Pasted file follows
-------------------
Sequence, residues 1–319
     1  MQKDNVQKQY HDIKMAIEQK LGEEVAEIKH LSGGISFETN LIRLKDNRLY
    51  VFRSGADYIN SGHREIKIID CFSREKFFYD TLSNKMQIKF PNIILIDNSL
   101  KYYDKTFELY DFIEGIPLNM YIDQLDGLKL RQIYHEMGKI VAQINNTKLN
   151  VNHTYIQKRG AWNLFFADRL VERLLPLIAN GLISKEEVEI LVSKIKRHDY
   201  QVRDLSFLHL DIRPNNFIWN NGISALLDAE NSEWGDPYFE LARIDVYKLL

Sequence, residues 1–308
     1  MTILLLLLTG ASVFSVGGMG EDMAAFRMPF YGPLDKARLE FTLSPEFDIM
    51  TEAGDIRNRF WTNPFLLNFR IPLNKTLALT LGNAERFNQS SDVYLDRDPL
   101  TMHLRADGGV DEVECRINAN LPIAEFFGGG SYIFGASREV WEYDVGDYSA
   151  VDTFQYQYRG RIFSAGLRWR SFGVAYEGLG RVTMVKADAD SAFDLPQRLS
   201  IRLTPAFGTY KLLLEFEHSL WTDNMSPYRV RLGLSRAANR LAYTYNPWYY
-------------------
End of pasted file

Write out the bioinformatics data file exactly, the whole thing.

Sequence, residues 1–319
     1  MQKDNVQKQY HDIKMAIEQK LGEEVAEIKH LSGGISFETN LIRLKDNRLY
    51  VFRSGADYIN SGHREIKIID CFSREKFFYD TLSNKMQIKF PNIILIDNSL
   101  KYYDKTFELY DFIEGIPLNM YIDQLDGLKL RQIYHEMGKI VAQINNTKLN
   151  VNHTYIQKRG AWNLFFADRL VERLLPLIAN GLISKEEVEI LVSKIKRHDY
   201  QVRDLSFLHL DIRPNNFIWN NGISALLDAE NSEWGDPYFE LARIDVYKLL

Sequence, residues 1–308
     1  MTILLLLLTG ASVFSVGGMG EDMAAFRMPF YGPLDKARLE FTLSPEFDIM
    51  TEAGDIRNRF WTNPFLLNFR IPLNKTLALT LGNAERFNQS SDVYLDRDPL
   101  TMHLRADGGV DEVECRINAN LPIAEFFGGG SYIFGASREV WEYDVGDYSA
   151  VDTFQYQYRG RIFSAGLRWR SFGVAYEGLG RVTMVKADAD SAFDLPQRLS
   201  IRLTPAFGTY KLLLEFEHSL WTDNMSPYRV RLGLSRAANR LAYTYNPWYY